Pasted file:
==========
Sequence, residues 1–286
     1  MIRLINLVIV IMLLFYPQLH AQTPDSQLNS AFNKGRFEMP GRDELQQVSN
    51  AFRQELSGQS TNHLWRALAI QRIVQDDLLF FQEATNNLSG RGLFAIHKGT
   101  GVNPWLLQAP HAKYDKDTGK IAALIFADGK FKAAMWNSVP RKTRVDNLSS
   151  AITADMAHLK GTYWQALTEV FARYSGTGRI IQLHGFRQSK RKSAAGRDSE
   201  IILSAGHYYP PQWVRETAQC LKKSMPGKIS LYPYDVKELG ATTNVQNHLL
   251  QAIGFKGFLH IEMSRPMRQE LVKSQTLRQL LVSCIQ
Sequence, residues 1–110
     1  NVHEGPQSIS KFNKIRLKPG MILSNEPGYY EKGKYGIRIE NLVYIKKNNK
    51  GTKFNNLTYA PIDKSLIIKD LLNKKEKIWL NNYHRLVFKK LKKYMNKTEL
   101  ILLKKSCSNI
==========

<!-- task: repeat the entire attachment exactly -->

Sequence, residues 1–286
     1  MIRLINLVIV IMLLFYPQLH AQTPDSQLNS AFNKGRFEMP GRDELQQVSN
    51  AFRQELSGQS TNHLWRALAI QRIVQDDLLF FQEATNNLSG RGLFAIHKGT
   101  GVNPWLLQAP HAKYDKDTGK IAALIFADGK FKAAMWNSVP RKTRVDNLSS
   151  AITADMAHLK GTYWQALTEV FARYSGTGRI IQLHGFRQSK RKSAAGRDSE
   201  IILSAGHYYP PQWVRETAQC LKKSMPGKIS LYPYDVKELG ATTNVQNHLL
   251  QAIGFKGFLH IEMSRPMRQE LVKSQTLRQL LVSCIQ
Sequence, residues 1–110
     1  NVHEGPQSIS KFNKIRLKPG MILSNEPGYY EKGKYGIRIE NLVYIKKNNK
    51  GTKFNNLTYA PIDKSLIIKD LLNKKEKIWL NNYHRLVFKK LKKYMNKTEL
   101  ILLKKSCSNI